Dada Koan #20: not remembering my pale yellow sandwich


We’ve arrived at the twentieth dada koan. It’s a melancholy one– see the rip mark on that shade of Edie Sedgwick green? Well, this has been such an exciting win-ful week in the Windy City I needed to inject some winsomeness into it. If you hadn’t heard, the Chicago Cubs won the World Series in a fight to the finish with the Cleveland Indians on Wednesday. The heart-stomping game ended just before midnight on November 2, 2016. Ten minutes later, to be droll, I texted a Chicago sports fan, “Did they win? I can’t tell.” He was droller, texting back, “Did who win?” The reason this was droll is because here in Chicago there was nonstop honking and screaming in the streets for three hours. Young people all sound similar when they scream so it was like the same cars kept circling my block. Oh, to be young and plastered with your head out the car window shrieking and singing and carrying on and just generally being a pain in the ass for the whole sleepy neighborhood. Must be nice.

It’s hard work to keep that level of enthusiasm going three hours. They stopped very abruptly at 3am.

A dada koan is a surreal cut up technique poem made from newspaper clippings. The phrases and words are chosen randomly from a hat. Or a milk chocolate-scented box. Here’s the above lime and hurt-your-eyes pink in B&W:

I’m just not remembering my

pale yellow sandwich

seriously considering

mattress promotion

dead ethically

make money

earn praise

I guess this poem might better be categorized as depressing than winsome.

Thanks for stopping by. I don’t usually like baseball and I don’t own a TV but that was a great game. Go Cubs!


Unrelated Addendum: Been on a Dawn Powell bender. Still consider A Time To Be Born the best so far. But recently read a Quality Paperback Book Club trilogy (from Brown Elephant thrift) of her novels:

The introduction is by Gore Vidal who’s credited with Dawn Powell’s literary resurgence.

Angels on Toast: This, the best-titled, was my favorite of the three. Infidelity and marriage.

The Wicked Pavilion: Young love and a takedown of New York’s phony art scene. Cynthia Earle is Peggy Guggenheim.

The Golden Spur: A Mamma Mia-ish “Who’s my real Dad” plot and a takedown of New York’s phony art scene. Cassie Bender is Peggy Guggenheim. Gore Vidal calls this “her last and perhaps most appealing novel.”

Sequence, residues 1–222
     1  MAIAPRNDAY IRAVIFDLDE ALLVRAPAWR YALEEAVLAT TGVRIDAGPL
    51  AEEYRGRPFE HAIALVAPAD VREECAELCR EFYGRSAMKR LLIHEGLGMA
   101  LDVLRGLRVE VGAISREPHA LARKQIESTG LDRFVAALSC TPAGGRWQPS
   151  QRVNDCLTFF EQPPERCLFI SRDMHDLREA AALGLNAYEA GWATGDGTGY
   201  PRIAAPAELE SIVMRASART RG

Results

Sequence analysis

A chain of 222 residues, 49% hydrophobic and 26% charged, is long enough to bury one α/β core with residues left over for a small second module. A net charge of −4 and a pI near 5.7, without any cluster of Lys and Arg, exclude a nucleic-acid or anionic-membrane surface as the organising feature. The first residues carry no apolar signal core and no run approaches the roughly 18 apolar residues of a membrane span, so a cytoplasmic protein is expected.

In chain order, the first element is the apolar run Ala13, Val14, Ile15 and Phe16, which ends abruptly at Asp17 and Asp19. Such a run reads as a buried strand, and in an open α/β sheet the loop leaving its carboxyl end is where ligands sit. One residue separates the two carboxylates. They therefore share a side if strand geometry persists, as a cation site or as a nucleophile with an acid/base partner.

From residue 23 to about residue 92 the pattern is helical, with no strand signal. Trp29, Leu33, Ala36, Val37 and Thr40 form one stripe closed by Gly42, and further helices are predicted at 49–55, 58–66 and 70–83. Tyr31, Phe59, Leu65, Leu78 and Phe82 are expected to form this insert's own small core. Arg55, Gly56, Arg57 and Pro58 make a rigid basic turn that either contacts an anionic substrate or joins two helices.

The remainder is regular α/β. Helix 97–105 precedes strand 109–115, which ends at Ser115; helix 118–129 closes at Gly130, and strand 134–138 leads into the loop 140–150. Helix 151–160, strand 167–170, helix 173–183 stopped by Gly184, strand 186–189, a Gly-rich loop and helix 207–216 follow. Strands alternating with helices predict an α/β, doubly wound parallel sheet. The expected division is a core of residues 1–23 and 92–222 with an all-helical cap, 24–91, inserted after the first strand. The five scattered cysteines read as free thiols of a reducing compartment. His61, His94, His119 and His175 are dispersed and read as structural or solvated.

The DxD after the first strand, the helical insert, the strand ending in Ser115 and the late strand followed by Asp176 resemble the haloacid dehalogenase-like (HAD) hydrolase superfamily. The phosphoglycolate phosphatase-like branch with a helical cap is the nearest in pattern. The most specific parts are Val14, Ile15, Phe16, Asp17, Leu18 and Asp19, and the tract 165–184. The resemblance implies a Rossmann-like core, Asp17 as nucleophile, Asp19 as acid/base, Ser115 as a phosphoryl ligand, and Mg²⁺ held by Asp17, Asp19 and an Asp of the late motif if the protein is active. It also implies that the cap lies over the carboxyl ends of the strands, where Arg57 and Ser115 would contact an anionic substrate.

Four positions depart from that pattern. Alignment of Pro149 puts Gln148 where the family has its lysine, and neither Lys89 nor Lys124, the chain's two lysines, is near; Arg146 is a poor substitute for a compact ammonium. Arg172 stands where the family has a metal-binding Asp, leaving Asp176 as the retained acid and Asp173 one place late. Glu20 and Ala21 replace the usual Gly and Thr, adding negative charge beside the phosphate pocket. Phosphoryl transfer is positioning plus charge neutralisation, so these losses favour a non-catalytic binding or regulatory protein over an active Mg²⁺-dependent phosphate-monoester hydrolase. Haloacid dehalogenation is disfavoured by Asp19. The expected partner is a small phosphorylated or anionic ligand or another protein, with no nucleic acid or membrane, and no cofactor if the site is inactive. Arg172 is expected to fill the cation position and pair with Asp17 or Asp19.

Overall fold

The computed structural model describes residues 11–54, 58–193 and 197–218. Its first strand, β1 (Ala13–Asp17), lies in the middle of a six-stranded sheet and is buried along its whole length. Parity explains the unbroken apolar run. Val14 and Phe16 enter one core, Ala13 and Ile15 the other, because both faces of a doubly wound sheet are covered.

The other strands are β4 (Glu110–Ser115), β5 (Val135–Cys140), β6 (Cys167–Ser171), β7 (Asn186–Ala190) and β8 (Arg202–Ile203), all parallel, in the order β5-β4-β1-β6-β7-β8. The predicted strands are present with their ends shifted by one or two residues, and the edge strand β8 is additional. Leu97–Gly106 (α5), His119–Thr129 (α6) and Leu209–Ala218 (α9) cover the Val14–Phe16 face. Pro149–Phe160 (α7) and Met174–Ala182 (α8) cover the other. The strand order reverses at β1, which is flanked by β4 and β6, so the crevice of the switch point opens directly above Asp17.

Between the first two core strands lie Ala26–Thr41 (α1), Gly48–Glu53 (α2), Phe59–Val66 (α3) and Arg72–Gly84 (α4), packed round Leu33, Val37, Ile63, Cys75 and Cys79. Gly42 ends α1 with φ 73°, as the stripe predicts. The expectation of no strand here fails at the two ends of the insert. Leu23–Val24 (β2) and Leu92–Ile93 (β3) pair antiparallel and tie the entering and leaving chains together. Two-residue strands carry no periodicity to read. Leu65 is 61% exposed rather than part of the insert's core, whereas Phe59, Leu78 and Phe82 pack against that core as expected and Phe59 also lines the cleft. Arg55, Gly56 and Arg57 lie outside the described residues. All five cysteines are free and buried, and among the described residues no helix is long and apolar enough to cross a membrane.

Some Chicago Encounters: a tiny blog


Chicago!  Home of the Chicago Cubs.  Chicago!  A city of diners, bookstores and bus stops.  Here are some Chicago encounters:

A man eating something barbecued out of a small greasy bag.  He licks and lip-smacks his fingers with elaborate precision.  He sits on the bench, half-turned toward me as he eats.  He’s young.  It’s a nice evening– the sky is a mysterious blue and I look at the church across the street.  “Come join us” the sign out front says.  The bus arrives– I see the headlights and stand.  The man has finished eating and is startled by my movement.  He notes the bus.  He says, “Well.  I’m disappointed.”

A man, not too old, sitting on the sidewalk.  His back to a storefront, he looks at me as I walk by and says, “Oh god you’re kidding” and laughs and laughs and laughs.

On cell phone at bus stop, a woman, 40’s: “I told her you need to get your own man, your own job, your own place…”

In diner, man, 40’s discoursing on a recent break-up from his boyfriend:  “I took the high road.  I mean, I called him an asshole but–”

Man of indeterminate age in bookstore.  He proffers the theory that the Billy Goat curse doesn’t exist– the Chicago Cubs have been bribed to lose every single year!  The bookstore owner is skeptical.  “Every year– the whole team?”  “You only got to bribe one guy!”


Thanks for stopping by.

Related Addendum:  Opinions printed here do not necessarily reflect those of the blog writer.